· The comedian Ernie Wise made the first call on January 1, 1985

· The first text message was sent in 1993

· 140 million texts were sent on July 1, 2006, when England was knocked out of the World Cup

· 1,700 mobile phones are thrown away every hour

· A phone is stolen in Britain every 12 seconds

· 90 million unused phones are lurking in drawers and cupboards — together they would weigh 11,250 tonnes

· The first mobile battery lasted only 20 minutes before it conked out

All facts from pillfed from The Times- ta.

It's Good to McTalk

A mobile phone went missing in 2004 when the Scottish Parliament moved from its temporary headquarters in Edinburgh and relocated to its new home in Holyrood (you'd think at a cost of £431 million they'd get the spelling correct though).

Trouble is, no one bothered to report the loss and it was only until the service provider alerted Parliament officials to the rapidly mounting bill that it was noticed as gone.

Total cost of the bill (not even including VAT)?

£46,200 !

Friday, 24 November 2006

About Time!

Lewis Hamilton, 21, is expected to get his first drive with McLaren Mercedes at the start of the next Grand Prix season in Melbourne.

Nothing remarkable in that you my think but the fact that he is black is; he is the first F1 driver.

Good.

Rumours that the 2008 season is to have a woman driver have proven to be optimistic though.



The rear view mirror is still too small to apply make up properly and the cock pits are simply to tight to fit a hand bag in...

Thursday, 23 November 2006

A Game of Two Halves?

A dispute between two neighbours over a game of football in their communal gardens ended up at the High Court, leaving the taxpayer to foot (sic) a £50 000 bill.

Mr X was taken to court after he was spotted kicking a ball around with his 5 year old son in their residents-only garden in London by his neighbour Miss Y, who claimed that he was breaching local bye-laws*.

In a private prosecution, Miss Y lost her claim as the magistrate ruled that the father and his son were not technically "teams" and therefore had done nothing wrong. Miss Y was not satisfied and appealed against the ruling by going to the High Court where she successfully challenged the initial ruling. However, the Lord Justice said that Mr X's acquittal would stand, as a retrial would not be in the public interest.

As Miss Y had technically won her case by proving the pair were playing football, she was not ordered to pay any costs, leaving the bill with the taxpayer. Speaking after the case, Miss Y said she was 'horrified' at the outcome and defended her actions by stating that " this is an ornamental garden and not a recreation ground and football ruins the grass." She added that "The Court had got the decision right, but still found against me. This has set a dangerous precedent- he court services are a travesty."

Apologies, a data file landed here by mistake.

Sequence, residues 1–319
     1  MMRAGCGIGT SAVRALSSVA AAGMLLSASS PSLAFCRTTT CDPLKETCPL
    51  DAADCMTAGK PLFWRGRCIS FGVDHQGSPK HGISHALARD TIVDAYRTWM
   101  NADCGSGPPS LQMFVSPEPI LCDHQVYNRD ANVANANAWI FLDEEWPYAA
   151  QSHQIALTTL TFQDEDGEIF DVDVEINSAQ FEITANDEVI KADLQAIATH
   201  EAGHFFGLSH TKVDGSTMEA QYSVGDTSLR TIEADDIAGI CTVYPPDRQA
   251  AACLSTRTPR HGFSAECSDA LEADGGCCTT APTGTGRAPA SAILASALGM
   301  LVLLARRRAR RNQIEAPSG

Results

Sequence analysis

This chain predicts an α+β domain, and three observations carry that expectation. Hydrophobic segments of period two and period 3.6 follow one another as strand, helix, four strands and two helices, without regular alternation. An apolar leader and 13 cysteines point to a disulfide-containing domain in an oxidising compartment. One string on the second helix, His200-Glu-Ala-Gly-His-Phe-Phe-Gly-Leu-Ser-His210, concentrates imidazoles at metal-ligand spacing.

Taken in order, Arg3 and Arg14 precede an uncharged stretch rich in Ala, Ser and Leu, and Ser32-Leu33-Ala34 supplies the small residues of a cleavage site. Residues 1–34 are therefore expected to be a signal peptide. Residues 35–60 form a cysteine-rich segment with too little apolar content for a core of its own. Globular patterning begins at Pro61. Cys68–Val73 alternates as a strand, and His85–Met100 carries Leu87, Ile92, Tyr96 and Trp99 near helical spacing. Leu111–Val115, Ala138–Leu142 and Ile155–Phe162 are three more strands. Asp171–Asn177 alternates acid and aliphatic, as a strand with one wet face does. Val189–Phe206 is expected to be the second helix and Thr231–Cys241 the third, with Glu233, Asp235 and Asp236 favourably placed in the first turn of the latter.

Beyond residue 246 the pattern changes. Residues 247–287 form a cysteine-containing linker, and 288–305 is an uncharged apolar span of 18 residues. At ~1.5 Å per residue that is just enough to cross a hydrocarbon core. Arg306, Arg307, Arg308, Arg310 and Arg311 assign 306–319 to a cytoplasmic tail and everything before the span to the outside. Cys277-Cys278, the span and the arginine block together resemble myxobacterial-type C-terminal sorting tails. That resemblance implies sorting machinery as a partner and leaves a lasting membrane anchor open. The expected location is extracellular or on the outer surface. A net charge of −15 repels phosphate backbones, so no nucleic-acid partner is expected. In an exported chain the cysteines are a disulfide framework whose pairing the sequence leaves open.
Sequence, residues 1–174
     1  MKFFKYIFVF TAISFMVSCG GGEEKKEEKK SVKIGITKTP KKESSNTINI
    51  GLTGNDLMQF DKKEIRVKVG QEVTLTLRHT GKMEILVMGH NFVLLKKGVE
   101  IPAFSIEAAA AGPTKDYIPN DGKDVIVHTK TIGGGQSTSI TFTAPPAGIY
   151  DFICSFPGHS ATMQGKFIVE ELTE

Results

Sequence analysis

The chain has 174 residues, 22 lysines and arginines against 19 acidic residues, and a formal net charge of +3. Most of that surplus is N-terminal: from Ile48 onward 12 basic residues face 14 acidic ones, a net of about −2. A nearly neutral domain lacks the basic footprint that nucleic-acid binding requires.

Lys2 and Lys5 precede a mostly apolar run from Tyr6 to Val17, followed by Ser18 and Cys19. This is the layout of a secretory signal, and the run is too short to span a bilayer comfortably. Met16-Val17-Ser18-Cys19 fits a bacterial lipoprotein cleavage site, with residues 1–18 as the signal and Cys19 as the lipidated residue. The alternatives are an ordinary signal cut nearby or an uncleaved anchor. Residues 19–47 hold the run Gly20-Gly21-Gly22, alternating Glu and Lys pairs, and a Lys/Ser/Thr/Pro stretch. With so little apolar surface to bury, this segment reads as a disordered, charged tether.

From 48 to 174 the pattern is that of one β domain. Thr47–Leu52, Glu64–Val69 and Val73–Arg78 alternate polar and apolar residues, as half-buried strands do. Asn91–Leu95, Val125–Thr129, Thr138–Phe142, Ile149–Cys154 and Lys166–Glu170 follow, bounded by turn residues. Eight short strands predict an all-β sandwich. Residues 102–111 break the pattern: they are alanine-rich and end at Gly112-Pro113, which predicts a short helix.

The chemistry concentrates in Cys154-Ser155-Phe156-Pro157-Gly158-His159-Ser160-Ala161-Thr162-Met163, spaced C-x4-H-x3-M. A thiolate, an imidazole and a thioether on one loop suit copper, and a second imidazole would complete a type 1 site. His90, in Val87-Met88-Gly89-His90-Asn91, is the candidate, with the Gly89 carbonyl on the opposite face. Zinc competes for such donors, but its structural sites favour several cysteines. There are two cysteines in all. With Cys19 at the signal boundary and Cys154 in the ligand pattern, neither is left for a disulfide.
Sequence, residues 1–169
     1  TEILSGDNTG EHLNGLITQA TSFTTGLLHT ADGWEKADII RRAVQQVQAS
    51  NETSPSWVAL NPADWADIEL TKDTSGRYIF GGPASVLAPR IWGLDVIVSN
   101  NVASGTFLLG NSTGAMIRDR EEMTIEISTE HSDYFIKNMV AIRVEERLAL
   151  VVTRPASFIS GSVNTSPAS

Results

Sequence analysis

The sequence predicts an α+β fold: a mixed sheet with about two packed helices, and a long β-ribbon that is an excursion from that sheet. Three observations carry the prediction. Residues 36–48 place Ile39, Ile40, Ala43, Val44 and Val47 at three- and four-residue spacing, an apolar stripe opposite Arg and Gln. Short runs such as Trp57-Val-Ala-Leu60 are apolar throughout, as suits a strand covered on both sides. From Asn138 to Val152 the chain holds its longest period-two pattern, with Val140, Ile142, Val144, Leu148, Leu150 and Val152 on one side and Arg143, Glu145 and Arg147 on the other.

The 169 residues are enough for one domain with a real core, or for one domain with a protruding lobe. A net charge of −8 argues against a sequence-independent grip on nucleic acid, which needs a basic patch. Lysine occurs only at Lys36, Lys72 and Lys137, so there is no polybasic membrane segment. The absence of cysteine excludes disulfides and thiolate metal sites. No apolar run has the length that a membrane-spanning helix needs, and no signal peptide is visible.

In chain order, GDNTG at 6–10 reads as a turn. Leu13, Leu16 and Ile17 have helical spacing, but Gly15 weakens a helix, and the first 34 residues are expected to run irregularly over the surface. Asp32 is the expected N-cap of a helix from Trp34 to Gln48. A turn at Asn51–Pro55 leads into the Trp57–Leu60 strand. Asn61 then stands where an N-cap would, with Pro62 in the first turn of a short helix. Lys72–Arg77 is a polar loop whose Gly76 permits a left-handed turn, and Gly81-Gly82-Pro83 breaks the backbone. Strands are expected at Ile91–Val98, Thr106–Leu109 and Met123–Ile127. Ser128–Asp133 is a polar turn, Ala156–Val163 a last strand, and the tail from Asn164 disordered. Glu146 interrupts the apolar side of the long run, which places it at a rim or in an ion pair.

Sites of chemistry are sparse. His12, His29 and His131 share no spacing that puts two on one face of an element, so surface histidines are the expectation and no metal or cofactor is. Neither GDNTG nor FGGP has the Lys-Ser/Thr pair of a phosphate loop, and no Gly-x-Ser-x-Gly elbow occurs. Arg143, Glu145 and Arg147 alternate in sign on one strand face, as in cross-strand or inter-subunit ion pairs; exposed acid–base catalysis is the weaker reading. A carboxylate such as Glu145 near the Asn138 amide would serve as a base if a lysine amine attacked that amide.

A legal source said Miss Y while "well-meaning", was "somewhat vexatious and someone who has multiple legal proceedings going on against numerous people in the area".

The best bit about this ridiculous story (aside from wishing Miss Y would have had to pay her own costs) is that since the case, the bye-laws have been changed to allow ball games between parents and children in the garden.

Sweet!

*The prosecution had been brought under the 1863 Town Gardens Protection Act, and was based on the fact that football was banned in the bye-laws governing activities in the Arundel and Elgin ornamental gardens.

Sad Time For Pie Eaters

A pie eating contest in Wigan, where competitors had to eat as many meat and potato pies in three minutes has finally bowed to pressure from the "healthy eating/good diet brigade" and changed the rules to ensure they are doing their bit to combat obesity.

Now it is a competition to see who can eat a single pie in the quickest time and also, for the first time, vegetarian pies will be allowed.

Can't see what the fuss is as surely everyone knows that a well balanced diet is a pie in each hand...

And Still on the Chrimble Theme

A teacher dropped a rather big bombshell to her 9-10 year old class when she told them Father Christmas did not exist.

The school in question has now had to change its curriculum to ensure this will not happen again, but for the kids in question that is one ruined Christmas with some pupils leaving the lesson in tears.

The teacher was explaining how Christmas is celebrated across the world and talking about the Muslim festival of Eid when she made her rather unfortunate statement.

The school policy now, when questioned, will be to admit that "I'm not sure. Go home and ask your parents."

Er, not much of a teacher if you don't even know if Santa exists or not then.

And what happens if questioned on the Tooth Fairy and the Easter Rabbit?

Wednesday, 22 November 2006

The "C" Word Rears Its Head

The average mother supposedly spends thirteen whole days preparing for Christmas, and yet the average Christmas meal rarely lasts little more than two hours.

Here's a tip- get a pizza in and open another bottle...

Slowing Down Time